Not immediately knowing which candidate won the White House has long been a reality of a world changed by COVID-19. What campaigns, pundits, and pollsters failed to predict was the distance that would separate the results from the expectations. Tim Alberta, chief political correspondent at Politico, Sahil Kapur, national political reporter for NBC News, and Clare Malone, senior politics writer at FiveThirtyEight, analyze the incomplete election results and what Congress could look like when the dust settles. 

    President Trump has consistently and falsely asserted that losing reelection would mean that the White House was stolen from him. Meanwhile, election officials across the country have been working diligently to maintain free and fair elections. This year, their jobs include responding to a pandemic and refuting conspiracy theories. Election officials from across the country describe how Election Day 2020 went and how things could improve for future elections. 

    As Joe Biden gets closer to winning the electoral college, the Trump campaign is taking to the courts in an attempt to challenge the results. In the past few days, states like Michigan, Georgia, and Pennsylvania have all seen lawsuits calling into question their process of counting ballots, though there’s no evidence supporting the president’s claims of voter fraud. While some of the lawsuits have already been dismissed, others are still in play. Toluse Olorunnipa, a White House reporter for the Washington Post, breaks down the Trump campaign’s recent legal action.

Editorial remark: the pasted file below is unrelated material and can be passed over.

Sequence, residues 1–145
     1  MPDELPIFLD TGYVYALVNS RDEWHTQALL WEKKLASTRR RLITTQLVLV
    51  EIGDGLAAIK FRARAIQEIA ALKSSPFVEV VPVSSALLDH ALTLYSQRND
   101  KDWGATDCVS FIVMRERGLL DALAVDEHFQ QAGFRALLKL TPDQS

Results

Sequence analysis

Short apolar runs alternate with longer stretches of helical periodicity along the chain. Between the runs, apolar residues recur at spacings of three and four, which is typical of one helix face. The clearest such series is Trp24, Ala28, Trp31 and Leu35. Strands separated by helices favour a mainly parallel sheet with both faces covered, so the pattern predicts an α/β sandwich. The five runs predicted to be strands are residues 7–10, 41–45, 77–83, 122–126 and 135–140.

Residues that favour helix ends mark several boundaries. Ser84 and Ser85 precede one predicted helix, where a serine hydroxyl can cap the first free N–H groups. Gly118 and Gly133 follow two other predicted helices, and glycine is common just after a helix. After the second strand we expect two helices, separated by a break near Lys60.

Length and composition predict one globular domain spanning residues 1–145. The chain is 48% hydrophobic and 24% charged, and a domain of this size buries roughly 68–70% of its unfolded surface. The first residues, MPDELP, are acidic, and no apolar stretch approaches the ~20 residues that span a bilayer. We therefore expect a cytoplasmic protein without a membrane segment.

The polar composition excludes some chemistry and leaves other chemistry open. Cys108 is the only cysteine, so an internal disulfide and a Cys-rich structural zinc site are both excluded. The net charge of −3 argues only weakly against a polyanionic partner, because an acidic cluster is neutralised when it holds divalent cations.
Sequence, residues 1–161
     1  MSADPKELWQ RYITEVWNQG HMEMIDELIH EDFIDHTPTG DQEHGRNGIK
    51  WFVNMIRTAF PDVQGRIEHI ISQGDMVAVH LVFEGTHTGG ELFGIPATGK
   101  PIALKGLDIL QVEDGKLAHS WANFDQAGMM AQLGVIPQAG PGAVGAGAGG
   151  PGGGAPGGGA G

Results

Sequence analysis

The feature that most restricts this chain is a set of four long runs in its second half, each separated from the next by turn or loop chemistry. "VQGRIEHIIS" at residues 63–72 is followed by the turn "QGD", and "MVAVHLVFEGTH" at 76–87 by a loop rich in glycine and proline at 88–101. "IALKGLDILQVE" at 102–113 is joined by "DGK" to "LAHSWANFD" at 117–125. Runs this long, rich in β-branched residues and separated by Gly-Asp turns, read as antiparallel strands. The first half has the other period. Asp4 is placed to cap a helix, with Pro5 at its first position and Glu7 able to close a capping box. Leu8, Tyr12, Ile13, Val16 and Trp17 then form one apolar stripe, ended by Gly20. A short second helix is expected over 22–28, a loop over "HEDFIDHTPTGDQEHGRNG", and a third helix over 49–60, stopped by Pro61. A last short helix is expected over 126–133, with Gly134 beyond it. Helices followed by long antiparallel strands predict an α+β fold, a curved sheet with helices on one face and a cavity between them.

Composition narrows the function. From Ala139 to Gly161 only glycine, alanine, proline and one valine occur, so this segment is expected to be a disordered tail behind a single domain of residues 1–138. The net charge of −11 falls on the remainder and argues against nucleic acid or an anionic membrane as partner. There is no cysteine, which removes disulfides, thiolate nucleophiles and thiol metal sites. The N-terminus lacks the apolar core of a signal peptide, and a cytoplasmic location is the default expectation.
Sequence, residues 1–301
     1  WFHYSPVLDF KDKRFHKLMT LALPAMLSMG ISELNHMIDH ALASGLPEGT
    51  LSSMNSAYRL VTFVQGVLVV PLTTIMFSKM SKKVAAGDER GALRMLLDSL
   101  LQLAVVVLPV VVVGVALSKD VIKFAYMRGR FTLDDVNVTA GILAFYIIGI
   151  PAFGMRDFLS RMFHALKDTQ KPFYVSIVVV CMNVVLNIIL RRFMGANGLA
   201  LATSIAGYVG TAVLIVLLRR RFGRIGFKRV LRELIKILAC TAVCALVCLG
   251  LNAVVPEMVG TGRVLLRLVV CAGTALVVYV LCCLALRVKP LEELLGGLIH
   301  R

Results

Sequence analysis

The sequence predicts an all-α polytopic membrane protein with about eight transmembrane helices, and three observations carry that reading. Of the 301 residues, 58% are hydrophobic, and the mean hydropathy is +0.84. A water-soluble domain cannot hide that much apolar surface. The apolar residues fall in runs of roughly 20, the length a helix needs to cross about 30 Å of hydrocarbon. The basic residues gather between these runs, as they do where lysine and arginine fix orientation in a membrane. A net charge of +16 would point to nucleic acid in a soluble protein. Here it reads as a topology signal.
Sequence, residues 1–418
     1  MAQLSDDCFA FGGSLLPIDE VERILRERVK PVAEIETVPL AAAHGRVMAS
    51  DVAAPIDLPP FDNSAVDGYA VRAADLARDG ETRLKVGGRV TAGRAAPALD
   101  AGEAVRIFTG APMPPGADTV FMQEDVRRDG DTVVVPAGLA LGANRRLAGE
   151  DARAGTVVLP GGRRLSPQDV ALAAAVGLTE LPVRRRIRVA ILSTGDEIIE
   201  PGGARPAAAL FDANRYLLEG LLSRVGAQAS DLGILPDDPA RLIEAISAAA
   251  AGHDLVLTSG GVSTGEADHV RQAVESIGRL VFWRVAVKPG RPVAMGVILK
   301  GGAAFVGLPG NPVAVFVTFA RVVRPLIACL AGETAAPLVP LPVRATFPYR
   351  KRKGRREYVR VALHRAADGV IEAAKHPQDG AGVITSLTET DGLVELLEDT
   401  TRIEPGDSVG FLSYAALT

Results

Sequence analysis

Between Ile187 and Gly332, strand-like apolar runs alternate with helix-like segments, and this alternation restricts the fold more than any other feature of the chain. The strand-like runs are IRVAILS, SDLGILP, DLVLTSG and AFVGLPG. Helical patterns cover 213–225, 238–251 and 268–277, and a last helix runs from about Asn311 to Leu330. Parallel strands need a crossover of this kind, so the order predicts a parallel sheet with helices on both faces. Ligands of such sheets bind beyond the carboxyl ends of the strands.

In the Trump era, political polarization has reached a level not seen since the Civil War. Though this polarization didn't start with President Trump's campaign and subsequent administration, it has brought the deepening divide to the surface--and to the ballot box--with voter turnout this week reaching record numbers. Lilliana Mason, professor of government and politics at the University of Maryland and author of "Uncivil Agreement: How Politics Became Our Identity," walks us through the widening political divide in the U.S. and what it means for how the country moves forward, regardless of who wins the 2020 election.